(Atty. Lourdes S. Tancinco is a partner at Tancinco Law Offices, a San Francisco based law firm and may be reached at This email address is being protected from spambots. You need JavaScript enabled to view it., facebook.com/tancincolaw, www.tancinco.com or 1-888-930 0808)

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Know Your Rights in Case of ICE Arrest

By Atty. Lou Tancinco

At the recently concluded American Immigration Lawyers Association conference held at New Orleans, representatives from the Immigration and Customs Enforcement indicated the lack of detention centers and beds. It was mentioned several times, that Trump’s policy on interior enforcement is being executed and they expect increase in apprehension.
If a non-U.S. citizen who is without legal status is arrested by ICE agent, what steps may be taken? What rights if any do they have at the time of arrest?
Below are the “Know Your Rights” information being disseminated by Immigration Legal Resource Center and certain non-profit organizations, which may be asserted if the inescapable ICE visit or arrest takes place.

You have the right to remain silent.
You can assert your fifth amendment right. You can refuse to speak to an ICE agent. Do not answer any questions, especially about your birth place, immigration status or how you entered the United States. Say that you want to remain silent until you speak with a lawyer.

You have the right to demand a warrant before letting anyone into your home.
The ICE agent may not enter your home without a warrant. You do not have to give permission for him to enter. It is okay not to open your door unless the agent shows you the warrant. If the warrant is presented to you, ask the agent to slip it under the door or through the window. Make sure it is signed by a judge with your correct name, address and date of birth.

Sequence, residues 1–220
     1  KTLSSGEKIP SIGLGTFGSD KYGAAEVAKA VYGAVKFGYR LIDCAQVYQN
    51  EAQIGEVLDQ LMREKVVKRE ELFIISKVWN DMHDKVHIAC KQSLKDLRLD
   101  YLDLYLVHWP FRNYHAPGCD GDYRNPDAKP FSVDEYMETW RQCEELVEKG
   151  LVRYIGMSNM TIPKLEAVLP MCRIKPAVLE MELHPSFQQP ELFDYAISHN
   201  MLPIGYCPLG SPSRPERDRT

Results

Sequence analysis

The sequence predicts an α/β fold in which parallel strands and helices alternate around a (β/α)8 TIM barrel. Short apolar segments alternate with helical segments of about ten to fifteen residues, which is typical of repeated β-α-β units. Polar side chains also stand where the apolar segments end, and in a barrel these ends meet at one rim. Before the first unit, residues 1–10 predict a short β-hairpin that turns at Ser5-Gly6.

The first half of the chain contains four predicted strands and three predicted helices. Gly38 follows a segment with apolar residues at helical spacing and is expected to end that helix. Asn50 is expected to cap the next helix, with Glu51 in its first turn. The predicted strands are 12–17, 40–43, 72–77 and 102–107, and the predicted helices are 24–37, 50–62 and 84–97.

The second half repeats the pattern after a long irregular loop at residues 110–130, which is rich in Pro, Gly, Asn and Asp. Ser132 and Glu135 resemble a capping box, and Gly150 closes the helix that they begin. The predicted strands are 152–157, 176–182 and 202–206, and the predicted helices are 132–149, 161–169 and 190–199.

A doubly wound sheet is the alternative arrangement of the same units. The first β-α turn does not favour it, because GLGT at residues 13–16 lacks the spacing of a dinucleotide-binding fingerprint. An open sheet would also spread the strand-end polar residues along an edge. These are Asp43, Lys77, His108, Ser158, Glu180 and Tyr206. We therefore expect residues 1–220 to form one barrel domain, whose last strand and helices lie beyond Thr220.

You have the right to speak to a lawyer and the right to make a phone call.
It is important to have your attorney’s phone number handy. You will be entitled to make a phone call. If you do not know your attorney’s number, call a trusted friend or relative to coordinate with your attorney.

You have the right to refuse to sign anything before you talk to a lawyer.
There will be some documents that will be presented to you for signing after you are apprehended and taken into custody. Do not sign anything. If you sign without understanding the nature of the document, it is possible that you are signing a waiver of your rights to a lawyer or to a hearing. And if you waive these rights, it may result in your immediate removal without a hearing.

You have the right to refuse to show any documents before speaking with a lawyer.
When you are visited by an ICE agent, you do not have to give permission to search any of your belongings unless there is a warrant. You can ask to speak with a lawyer before you submit any documentation. Each case of an unauthorized individual is distinct and all non-U.S. citizens must be vigilant about their rights. During these challenging times, a legal advice from a professional immigration attorney becomes indispensable to figure out what legal options may still be available.